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  • dementia
  • A new study has demonstrated how music therapy can provide significant benefits for people with dementia living in UK care homes. (anglia.ac.uk)
  • The group containing residents who took part in music therapy showed improvements in their dementia symptoms (measured using neuropsychiatric inventory scores) and wellbeing (measured using Dementia Care Mapping scores), as well as a decline in occupational disruptiveness to staff (the effect on the carer's work routine and emotional impact). (anglia.ac.uk)
  • Co-author Helen Odell-Miller, Professor of Music Therapy at Anglia Ruskin University, said: "Our study shows the sustained benefits of a music therapy programme on the symptoms of dementia, on the occupational disruptiveness of care home residents, and on levels of general wellbeing. (anglia.ac.uk)
  • Significantly, our findings show how staff education and training may be the most effective method in managing symptoms of dementia, and how music therapists can play a valuable role in this. (anglia.ac.uk)
  • Centre
  • The new open access research, published online by the journal BMC Geriatrics, took place in two Methodist Homes in Derby, and was carried out by academics from Anglia Ruskin University's Music for Health Research Centre. (anglia.ac.uk)
  • found
  • Similarly, in a review of "novel and emerging treatments" for ASD [ 8 ] including several nutritional supplements, diets, medications, and nonbiological treatments, it was found that the only treatment options that reached the highest ranking in an evidence-based grading system were melatonin, acetylcholinesterase inhibitors, naltrexone, and music therapy. (biomedcentral.com)
  • autism
  • Family-centred music therapy to promote social engagement in young children with severe autism spectrum disorder: A randomized controlled study. (nordoff-robbins.org.uk)
  • Previous research has suggested that music therapy may facilitate skills in areas typically affected by autism spectrum disorders such as social interaction and communication. (biomedcentral.com)
  • The aim of this study is to determine effects of improvisational music therapy on social communication skills of children with autism spectrum disorders. (biomedcentral.com)
  • Generalised effects of music therapy will be measured using standardised scales completed by blinded assessors (Autism Diagnostic Observation Schedule, ADOS) and parents (Social Responsiveness Scale, SRS) before and 2, 5, and 12 months after randomisation. (biomedcentral.com)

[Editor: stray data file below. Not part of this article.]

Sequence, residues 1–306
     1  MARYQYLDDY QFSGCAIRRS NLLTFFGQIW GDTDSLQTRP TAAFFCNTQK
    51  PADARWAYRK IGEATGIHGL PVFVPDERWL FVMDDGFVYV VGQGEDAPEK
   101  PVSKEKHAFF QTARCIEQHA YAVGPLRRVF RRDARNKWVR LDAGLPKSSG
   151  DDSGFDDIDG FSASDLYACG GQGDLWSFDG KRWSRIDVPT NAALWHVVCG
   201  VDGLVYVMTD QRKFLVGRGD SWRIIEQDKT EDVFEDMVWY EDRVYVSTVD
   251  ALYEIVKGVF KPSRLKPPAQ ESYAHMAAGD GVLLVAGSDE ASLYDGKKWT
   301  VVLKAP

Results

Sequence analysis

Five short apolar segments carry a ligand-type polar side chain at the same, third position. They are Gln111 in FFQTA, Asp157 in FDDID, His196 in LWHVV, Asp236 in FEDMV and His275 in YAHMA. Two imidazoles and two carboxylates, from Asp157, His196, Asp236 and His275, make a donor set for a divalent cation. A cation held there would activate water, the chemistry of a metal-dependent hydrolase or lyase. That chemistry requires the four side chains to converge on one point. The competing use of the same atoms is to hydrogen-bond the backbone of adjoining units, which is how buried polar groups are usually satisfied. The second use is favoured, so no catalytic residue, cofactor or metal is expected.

• Responding to the need for more rigorously designed trials examining the effectiveness of music therapy in autism spectrum disorders, this pragmatic trial sets out to generate findings that will be well generalisable to clinical practice. (biomedcentral.com)
  • affects
  • An additional aim of the study is to examine if variation in dose of treatment (i.e., number of music therapy sessions per week) affects outcome of therapy, and to determine cost-effectiveness. (biomedcentral.com)
  • Participants
  • Participants in the intervention group received 1:1 music therapy once a week, in addition to standard care, over a period of five months. (anglia.ac.uk)
  • children
  • In addition, children randomised to the two intervention groups will be offered individual, improvisational music therapy over a period of five months, either one session (low-intensity) or three sessions (high-intensity) per week. (biomedcentral.com)
  • symptoms
  • Considering that pharmacological treatments typically target symptoms such as hyperactivity, agitation, or sleep disorders rather than core symptoms of ASD, and may have adverse effects [ 2 , 8 ], music therapy can be viewed as a promising, but not yet sufficiently evidenced treatment for improving social interaction and communication skills within ASD. (biomedcentral.com)
  • social
  • for an overview, see [ 14 ]) suggesting that music therapy may enhance skills of social communication such as initiating and responding to communicative acts. (biomedcentral.com)